It costs more than $1,556 for a digital copy of the California Code of Regulations and $2,315 for a hard copy, so one man has scanned it–all 33,000 pages–and published it on his Web site, http://www.public.resource.org. The state copyrights its law, however, so it cannot be freely reproduced. California makes $880,000 each year by selling the law code.
The man, Carl Malamud, previously succeeded in convincing the U.S. Securities and Exchange Commission and the State of Oregon to post its filings and laws on line.
Source: Katherine Mango-Ward, “Man to state: Regulate This! Making Laws Free,” Reason, December 2008
United Airlines has been sued for serving a passenger who became so inebriated he hit his wife six times as they went through customs and got arrested for disorderly conduct and battery. The man alleges he was served wine every 20 minutes on a flight from Japan to San Francisco.
The law typically holds bars liable for injuries caused by drunken patrons, so the question is whether that also applies to airplanes over international territory.
The suit claims United “knows or should have known that over-serving a passenger alcohol on an international flight would have negative consequences” and that United’s conduct was “deliberate, reckless, intentional and done with disregard for plaintiffs and all passengers.” The plaintiff wants to recover $100,000 in bail, legal fees, other court costs, pain, suffering, lost income, and “any other relief that is just and proper.” United said the claim was “without any merit whatsoever.”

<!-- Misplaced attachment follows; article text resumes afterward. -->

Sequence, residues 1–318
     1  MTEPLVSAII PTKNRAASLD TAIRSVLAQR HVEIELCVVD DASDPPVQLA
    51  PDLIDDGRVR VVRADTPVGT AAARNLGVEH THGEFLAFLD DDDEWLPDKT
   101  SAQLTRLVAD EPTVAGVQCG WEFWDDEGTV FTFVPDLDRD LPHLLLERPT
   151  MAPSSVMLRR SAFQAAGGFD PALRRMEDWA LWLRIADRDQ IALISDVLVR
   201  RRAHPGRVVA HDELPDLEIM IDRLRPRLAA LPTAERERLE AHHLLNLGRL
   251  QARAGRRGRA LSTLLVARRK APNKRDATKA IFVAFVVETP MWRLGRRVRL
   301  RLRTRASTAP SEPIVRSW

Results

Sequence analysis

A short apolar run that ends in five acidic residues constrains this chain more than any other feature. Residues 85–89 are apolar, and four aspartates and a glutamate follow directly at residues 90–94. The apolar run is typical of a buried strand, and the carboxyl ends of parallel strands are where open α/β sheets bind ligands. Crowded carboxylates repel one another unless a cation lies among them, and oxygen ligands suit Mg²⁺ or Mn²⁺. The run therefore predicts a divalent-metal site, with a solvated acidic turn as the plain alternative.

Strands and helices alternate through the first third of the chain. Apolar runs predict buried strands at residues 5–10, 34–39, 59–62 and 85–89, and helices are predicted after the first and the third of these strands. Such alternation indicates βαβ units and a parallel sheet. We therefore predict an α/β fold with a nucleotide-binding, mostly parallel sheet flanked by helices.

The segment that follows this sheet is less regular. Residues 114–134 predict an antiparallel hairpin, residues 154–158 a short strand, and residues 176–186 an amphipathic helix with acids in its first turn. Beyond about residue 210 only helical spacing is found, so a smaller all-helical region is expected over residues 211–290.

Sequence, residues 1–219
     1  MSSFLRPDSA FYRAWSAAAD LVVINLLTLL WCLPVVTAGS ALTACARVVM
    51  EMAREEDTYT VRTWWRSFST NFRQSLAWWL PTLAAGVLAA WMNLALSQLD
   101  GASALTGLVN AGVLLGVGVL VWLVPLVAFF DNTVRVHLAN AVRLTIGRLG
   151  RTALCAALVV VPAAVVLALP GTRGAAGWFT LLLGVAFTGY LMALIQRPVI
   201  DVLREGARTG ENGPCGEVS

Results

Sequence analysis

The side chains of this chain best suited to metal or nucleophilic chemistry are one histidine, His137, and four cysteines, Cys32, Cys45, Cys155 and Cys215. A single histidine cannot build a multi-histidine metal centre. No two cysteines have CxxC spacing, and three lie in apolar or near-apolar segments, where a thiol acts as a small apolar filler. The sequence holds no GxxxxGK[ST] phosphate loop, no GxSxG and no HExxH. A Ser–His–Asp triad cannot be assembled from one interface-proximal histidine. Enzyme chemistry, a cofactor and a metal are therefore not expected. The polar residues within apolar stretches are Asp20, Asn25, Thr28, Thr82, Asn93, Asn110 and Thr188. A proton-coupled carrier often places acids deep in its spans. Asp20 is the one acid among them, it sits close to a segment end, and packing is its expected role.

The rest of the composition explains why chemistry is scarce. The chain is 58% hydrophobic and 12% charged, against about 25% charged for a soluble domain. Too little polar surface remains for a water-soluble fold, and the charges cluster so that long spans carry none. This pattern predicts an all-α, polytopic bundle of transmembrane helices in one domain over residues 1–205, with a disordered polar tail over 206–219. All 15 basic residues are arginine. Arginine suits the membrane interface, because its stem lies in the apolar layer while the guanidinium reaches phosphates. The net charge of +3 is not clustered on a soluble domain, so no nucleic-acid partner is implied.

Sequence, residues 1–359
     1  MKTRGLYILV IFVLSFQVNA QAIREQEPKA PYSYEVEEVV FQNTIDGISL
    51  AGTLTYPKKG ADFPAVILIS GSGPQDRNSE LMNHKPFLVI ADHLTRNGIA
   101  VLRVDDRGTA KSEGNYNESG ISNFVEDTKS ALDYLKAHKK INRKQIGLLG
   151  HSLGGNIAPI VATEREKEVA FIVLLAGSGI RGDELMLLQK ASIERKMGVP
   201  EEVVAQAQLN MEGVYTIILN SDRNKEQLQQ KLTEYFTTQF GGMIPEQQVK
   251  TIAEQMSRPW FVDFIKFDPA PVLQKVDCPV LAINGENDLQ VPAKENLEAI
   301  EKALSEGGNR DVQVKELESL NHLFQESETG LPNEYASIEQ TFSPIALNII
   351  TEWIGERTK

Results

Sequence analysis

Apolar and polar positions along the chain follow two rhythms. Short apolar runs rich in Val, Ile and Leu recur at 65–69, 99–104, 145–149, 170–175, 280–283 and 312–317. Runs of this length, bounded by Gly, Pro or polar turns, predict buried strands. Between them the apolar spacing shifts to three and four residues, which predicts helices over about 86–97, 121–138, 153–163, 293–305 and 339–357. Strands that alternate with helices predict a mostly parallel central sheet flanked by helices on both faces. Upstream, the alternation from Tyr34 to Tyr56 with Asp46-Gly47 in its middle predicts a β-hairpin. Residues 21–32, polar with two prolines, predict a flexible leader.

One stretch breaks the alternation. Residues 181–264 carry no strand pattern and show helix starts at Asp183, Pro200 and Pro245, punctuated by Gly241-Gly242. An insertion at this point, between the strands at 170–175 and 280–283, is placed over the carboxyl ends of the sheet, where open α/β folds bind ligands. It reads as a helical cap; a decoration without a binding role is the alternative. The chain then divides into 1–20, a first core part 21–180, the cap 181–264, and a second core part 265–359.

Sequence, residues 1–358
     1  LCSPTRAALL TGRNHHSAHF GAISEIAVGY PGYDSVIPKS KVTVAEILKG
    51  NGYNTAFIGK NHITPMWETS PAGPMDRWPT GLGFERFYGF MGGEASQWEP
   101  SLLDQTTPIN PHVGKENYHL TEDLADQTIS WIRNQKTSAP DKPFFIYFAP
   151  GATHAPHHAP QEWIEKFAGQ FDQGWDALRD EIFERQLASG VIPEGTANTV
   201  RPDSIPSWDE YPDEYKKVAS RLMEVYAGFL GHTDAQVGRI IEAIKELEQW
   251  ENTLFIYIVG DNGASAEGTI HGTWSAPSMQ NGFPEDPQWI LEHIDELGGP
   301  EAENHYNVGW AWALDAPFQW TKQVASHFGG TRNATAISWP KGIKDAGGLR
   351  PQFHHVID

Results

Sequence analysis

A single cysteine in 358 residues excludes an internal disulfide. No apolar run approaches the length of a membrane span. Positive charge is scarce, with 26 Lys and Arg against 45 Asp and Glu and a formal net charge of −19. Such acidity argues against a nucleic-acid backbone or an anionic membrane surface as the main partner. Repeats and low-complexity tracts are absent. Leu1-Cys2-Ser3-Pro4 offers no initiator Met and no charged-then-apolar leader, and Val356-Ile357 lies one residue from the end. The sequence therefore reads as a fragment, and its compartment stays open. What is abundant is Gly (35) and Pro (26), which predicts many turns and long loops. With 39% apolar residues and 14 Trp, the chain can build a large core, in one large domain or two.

Source: Julie Johnsson, “Couple accuse United Airlines of overserving husband, causing him to beat wife, Conflicting laws complicate case, legal experts say,” Chicago Tribune, December 17, 2008
Squashed Camera Bug
An Iowa woman recovered $22,500 because her husband secretly videotaped her in their bedroom, in a verdict upheld by the Iowa Supreme Court. The woman claimed the hidden video camera was an invasion of her privacy, and the court agreed.
The court said the wife had a “reasonable expectation of privacy” and that her husband’s taping of her “intentionally intruded” and “was highly offensive to a reasonable person.”
Source: Melanie S. Welte, “Court upholds damages in hidden videotaping case,” Associated Press, December 19, 2008
A Michigan judge has disqualified a physician from diagnosing lung disease in asbestos plaintiffs after his opinions were shown to likely be phony.
The physician is not a radiologist or pulmonologist, and he flunked the certification test for reading X-rays to detect lung disease. He found disease in 60 of 68 plaintiffs while an outside radiological panel found abnormalities in just six of the same 68 plaintiffs.
“[T]he only conclusion in the face of such overwhelming medical evidence is that the opinions of Dr. Kelly are not reliable,” Wayne County Circuit Court Judge Robert Colombo Jr. wrote. All but one of the suits was then withdrawn by plaintiffs’ lawyers. Judge Colombo presides over 95 percent of the asbestos cases filed in Michigan.
Source: Opinion Journal, “Colombo the Asbestos Sleuth, A judge exposes more phony claims,” Wall Street Journal, December 23, 2008
Lawsuit Abuse Fortnightly
Published by The Heartland Institute (312/377-4000), a nonprofit 501(c)3 organization founded in 1984.
Phone 312/377-4000, fax 312/377-5000
Back issues are available online at http://www.heartland.org
Publisher: Joseph L. Bast
Editors: Maureen Martin, Diane Carol Bast
Information on lawsuit abuse can be found on these Web sites:
The Heartland Institute
19 South La Salle Street #903
Chicago, Illinois 60603